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22nd October 2010
The adoption of CESAR as the official European wide equipment security and registration scheme took a step forward this week after a Europol conference at New Scotland yard.

The conference, organised by the Plant and Agricultural National Intelligence Unit (PANIU), was attended by 25 delegates from across Europe including Italy, Holland, Belgium, Spain, Sweden, and Serbia.

The delegates heard about the CESAR scheme first hand from Datatag ID Limited, the company behind the scheme. DCI Mathew Horne of the Serious Organised Crime Agency (SOCA) also addressed the conference highlighting the threat posed by organised criminals who are behind the majority of equipment thefts. CESAR and insurance industry sponsored specialist police unit PANIU also presented to the delegates, explaining their successful approach to tackling organised crime and repatriating stolen equipment.

A trip to the JCB training facility in Docklands and to the Olympic Park construction site gave the delegates an opportunity to see the scheme in operation on machines working on the project

The official CESAR security marking and registration scheme, supported by the Construction Equipment Association (CEA) and the Agricultural Engineers Association (AEA), was designed in conjunction with the police and the insurance industry. CESAR is made up of 4 elements. Firstly, the machine is fitted with 4 tamper proof triangular registration plates, which are securely fitted to the machine; with the machines own unique identification number. Secondly, a number of RFID transponders, each the size of a grain of rice, are hidden in the machinery each with its own unique programmed code. Thirdly, the machine has patches of forensic liquid DNA painted on to it in a number of locations. The liquid DNA has microscopic DatatdotsĀ® suspended in it which are invisible to the eye. It's literally impossible for thieves to remove all the tell-tale identification traces from a CESAR registered machine. Fourthly, lifetime machine registration, on Datatag's secure database, which gives the police and other official agencies 24/7 access to the registration information which is an important aid in identification and recovery. John Deere now fits CESAR as standard on all Manheim built tractors for the UK market.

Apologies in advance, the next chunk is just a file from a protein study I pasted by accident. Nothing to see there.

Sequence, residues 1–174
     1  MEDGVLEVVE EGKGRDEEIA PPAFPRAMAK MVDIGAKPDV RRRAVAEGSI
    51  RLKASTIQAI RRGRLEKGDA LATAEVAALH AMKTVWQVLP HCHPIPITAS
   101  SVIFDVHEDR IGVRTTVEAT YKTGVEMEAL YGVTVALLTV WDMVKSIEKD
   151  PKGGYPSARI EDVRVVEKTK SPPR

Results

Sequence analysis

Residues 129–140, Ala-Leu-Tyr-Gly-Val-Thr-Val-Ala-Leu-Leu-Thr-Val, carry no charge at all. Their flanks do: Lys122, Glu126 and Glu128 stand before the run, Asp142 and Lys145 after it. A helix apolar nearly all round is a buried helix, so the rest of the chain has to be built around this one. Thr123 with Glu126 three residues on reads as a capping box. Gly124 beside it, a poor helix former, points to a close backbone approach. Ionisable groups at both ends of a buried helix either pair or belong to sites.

Statistics compiled by the insurance industry funded PANIU show that CESAR registered machines are 7 times more likely to be recovered in the event of theft than unregistered machines, and 4 times less likely to be stolen in the first place.

A further announcement, regarding the adoption of CESAR by other official bodies in Europe, is expected shortly with increasing pressure coming from the police and the insurance industry with support from major manufacturers including JCB, John Deere, Manitou, and Doosan.